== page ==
Some companies have chosen to move these activities to outsourced providers located overseas where arbitrage costs are lower and as a result local people are made redundant. Since the time of the industrial revolution jobs have been lost to more efficient or lower cost methods of producing the result and over time the population becomes retrained in more highly skilled fields.

Every day people are made redundant because of the introduction of new technology. Jobs in photographic film development have all but disappeared due to the introduction of digital cameras, should we recall all digital cameras and ban their sale because their use has caused people to be made redundant?

It is also worth noting that in the field of information technology there are companies in the USA who provide around the clock support and disaster recovery facilities for companies located all around the world. Should we prevent these companies from taking on foreign clients because people in those countries will be made redundant?

For employees working in the field of transactional processing or customer contact the new world of outsourcing actually opens up new opportunities for career advancement. Not all outsourced companies are located overseas. IBM and Accenture have well developed shared service centers that operate in the USA, Europe, Australia and other countries, they hold large contracts and see service as their product.

Under this model activities that were once considered back office are now the primary purpose. No longer do employees have to do their time before getting a 'real job' in sales or production and for those who enjoy customer service a long term career path is now available within these service organizations.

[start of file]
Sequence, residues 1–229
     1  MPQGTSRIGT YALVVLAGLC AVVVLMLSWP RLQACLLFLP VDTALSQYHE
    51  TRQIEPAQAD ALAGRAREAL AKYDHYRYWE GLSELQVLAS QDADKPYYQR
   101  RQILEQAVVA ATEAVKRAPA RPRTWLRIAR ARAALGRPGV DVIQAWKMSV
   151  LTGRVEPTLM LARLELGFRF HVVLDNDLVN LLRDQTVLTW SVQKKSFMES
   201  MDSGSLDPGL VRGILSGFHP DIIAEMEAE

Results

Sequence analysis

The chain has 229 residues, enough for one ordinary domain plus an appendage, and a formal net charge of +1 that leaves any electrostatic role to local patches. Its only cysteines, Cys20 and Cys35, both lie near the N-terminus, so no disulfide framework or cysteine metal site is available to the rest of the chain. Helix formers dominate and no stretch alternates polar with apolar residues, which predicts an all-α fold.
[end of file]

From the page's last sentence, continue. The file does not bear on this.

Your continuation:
Outsourcing of customer contact and transactional processing activities is barely a decade old. As a strategy to remain competitive it is so far proving successful. Short term some job losses are experienced however in the longer term the employment market will adjust to these changes as it has done in the past. To place constraints on outsourcing will restrict companies' ability to operate competitively and will result in many more job losses than are being experienced now.
Suggested Reading: Smartsourcing: Driving Innovation and Growth Through Outsourcing


Published in Strategy

CultureInternational trade is the name of the game in today's business world. Understanding cultural differences can mean success or losing the deal at the first meeting. It can create a huge impact on your reputation and the way your business is viewed by the rest of the world.

Twenty years ago a Japanese businessman refused to deal with a female friend of mine who was working for the government on a large contract. He stated he would only deal with a man. We of course were outraged that his demands were met and she was replaced with a less qualified male to do the deal.

Much older and wiser now I recognize that to be successful internationally sometimes requires you put aside your own sensitivities and do what is necessary to close the deal. Was it really worth losing a multi-million dollar contract to insist someone conform to our views of equality of gender? Probably not.

There are cultural differences however that are worth losing a deal for. In some countries in the world it is culturally acceptable to use child labor. In other countries bribing government officials is seen as part of the normal course of a tendering process. While refusing to deal with these people will lose you the deal, your stance on human rights and corruption will enhance your reputation with other countries and benefit you more in the long run.

These two extremes aside there are many other important cultural differences which can and will impact on your international business success.

While western culture currently dominates the business world, the growing Asian markets are opening up rapidly. Many norms of body language accepted in the West convey the exact opposite of meaning in the east. Direct eye contact in the West is a sign of honesty whilst in many Eastern countries it is disrespectful. Can you picture the meeting where you are doing your utmost to make eye contact while your counterpart is trying equally hard to avoid it?

I made my first international business trip to Kuala Lumpur in Malaysia. My only thought in choosing my attire for the flight was the expected heat at my destination. Shorts and a t-shirt seemed like a good idea at the time.